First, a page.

how to think outside the box to find fun activities for kids with cerebral palsy?

I don’t know if it’s me, or if others feel this way too. But, I feel like society’s perception is that people with disabilities can’t have fun!. why is this a thing in peoples heads I will never know in this post I want to discuss a few things to remember when you have a child in your life with cerebral palsy

it is important to remember as teachers and parents that despite having a disability like cerebral palsy that these children are just that children they may just get around differently

I feel the need to say this to say this and I feel like it shouldnt but well meaning adults would try and encourage my peers and classmates to spend time with me i am not sure how nessary this arrangement was because when i was older and didnt have others helping i still managed to make friends that being said I do see huge value in educating kids about disabilities kids are resourceful and left to their own devices will find ways to include kids with disabilities if they have understood the best approach I have seen is to arm the child with cerebral palsy with age appriote information that allows there peers to ask questions and have the answer come directly from them trust me when I say this will work wonders for bridging the social gap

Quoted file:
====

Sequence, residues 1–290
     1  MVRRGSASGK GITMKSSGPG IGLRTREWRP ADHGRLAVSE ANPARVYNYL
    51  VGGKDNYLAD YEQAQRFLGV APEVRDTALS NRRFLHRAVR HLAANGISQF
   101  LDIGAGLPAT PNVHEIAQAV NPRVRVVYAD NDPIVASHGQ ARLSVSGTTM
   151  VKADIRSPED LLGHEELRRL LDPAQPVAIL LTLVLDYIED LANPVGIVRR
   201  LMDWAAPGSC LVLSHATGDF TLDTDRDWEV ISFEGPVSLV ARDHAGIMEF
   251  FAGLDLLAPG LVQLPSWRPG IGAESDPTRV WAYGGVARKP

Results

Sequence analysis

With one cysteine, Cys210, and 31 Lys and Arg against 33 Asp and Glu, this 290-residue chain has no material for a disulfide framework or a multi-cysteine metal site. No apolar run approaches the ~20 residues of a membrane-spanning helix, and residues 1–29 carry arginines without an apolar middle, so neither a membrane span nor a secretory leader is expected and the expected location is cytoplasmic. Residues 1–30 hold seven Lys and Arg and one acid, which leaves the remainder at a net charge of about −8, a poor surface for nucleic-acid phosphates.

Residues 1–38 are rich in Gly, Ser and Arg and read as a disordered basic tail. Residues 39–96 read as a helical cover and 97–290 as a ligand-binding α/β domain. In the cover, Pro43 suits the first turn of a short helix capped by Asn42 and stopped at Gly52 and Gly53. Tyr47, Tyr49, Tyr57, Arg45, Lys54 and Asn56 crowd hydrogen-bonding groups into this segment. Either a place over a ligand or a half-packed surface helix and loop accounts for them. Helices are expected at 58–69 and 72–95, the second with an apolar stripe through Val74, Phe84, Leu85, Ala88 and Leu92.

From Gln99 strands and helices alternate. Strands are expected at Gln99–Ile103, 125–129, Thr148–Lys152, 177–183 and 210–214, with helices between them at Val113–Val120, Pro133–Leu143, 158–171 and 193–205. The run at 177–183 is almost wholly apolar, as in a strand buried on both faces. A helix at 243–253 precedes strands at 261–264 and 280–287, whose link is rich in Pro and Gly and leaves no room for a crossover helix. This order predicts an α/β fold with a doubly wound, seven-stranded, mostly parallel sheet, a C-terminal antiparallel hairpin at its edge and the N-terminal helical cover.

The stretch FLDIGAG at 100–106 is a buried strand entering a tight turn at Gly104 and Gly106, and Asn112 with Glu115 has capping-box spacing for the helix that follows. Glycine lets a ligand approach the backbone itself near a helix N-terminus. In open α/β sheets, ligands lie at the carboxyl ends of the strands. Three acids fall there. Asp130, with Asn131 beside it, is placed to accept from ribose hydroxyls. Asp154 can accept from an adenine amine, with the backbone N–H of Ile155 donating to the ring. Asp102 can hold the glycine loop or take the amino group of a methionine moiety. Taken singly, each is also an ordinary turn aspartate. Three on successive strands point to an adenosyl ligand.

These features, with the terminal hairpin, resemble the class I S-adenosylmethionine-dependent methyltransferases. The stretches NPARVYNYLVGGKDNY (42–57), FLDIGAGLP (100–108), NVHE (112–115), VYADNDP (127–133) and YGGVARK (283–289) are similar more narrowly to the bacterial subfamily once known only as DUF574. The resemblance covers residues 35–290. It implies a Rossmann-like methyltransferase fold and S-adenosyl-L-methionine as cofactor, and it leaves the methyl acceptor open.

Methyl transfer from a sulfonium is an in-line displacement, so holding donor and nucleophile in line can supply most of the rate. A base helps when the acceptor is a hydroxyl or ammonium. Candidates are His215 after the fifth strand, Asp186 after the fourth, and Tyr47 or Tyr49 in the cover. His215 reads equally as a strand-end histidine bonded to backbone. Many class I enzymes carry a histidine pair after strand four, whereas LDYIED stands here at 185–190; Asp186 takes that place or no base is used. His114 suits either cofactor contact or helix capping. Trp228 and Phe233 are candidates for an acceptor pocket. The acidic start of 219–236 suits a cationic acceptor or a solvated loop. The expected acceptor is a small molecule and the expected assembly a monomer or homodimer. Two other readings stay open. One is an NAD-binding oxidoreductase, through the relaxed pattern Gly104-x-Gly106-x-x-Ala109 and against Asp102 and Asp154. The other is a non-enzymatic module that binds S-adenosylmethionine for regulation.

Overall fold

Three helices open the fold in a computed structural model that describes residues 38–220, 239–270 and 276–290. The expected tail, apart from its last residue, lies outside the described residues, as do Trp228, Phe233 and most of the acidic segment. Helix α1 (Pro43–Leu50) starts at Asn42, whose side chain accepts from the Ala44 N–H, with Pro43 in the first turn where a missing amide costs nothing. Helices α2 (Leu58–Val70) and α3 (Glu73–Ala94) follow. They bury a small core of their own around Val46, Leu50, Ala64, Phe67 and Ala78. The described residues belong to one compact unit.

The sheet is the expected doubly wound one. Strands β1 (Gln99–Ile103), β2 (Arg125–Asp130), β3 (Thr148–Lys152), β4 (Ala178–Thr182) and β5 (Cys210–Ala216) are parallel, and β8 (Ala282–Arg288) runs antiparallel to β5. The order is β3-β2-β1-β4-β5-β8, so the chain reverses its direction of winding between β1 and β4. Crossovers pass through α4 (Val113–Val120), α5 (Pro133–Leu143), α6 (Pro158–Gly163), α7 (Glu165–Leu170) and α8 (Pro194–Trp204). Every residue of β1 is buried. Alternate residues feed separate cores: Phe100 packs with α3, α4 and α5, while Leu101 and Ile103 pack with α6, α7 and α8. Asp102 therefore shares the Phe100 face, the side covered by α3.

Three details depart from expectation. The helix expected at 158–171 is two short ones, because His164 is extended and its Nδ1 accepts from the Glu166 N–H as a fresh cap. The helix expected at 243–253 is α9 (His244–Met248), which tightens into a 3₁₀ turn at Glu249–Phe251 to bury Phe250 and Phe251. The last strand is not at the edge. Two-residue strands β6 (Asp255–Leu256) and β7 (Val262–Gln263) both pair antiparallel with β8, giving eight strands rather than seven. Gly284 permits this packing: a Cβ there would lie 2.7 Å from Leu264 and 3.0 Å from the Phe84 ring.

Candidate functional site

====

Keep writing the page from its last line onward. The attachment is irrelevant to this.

the point I am trying to make is let the kids be kids and make minor adjustments such as moving the fun from the floor to table to include everyone

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About lifeofthedifferentlyabled

Laura Forde founded her blog through my eyes: my life with cerebral palsy in December 2009 out of a great need she had, realizing that there was a vast gap in firsthand accounts of what life was like living with Cerebral Palsy: she knew then that the only way to see this reflected online was to create the change herself and thus this blog was born Laura was born four months premature, weighing a mere one pound three ounces and given ten percent odds for survival. She was diagnosed with cerebral palsy at the age of three. After graduating from college, she continued writing and doing what she loves to do most; speaking to groups about her life experiences and sharing what she has learned from her journey. Her blog lifeofthedifferentlyabled was created after discovering that the online community lacked the voice of people in her situation. In its first year, the site saw over 20,000 hits from all over the world. Her readers are from all walks of life; some with disabilities, parents of children, professionals, and others who seek to gain a better understanding of the world of the differently abled. You can follow her on Twitter or Facebook
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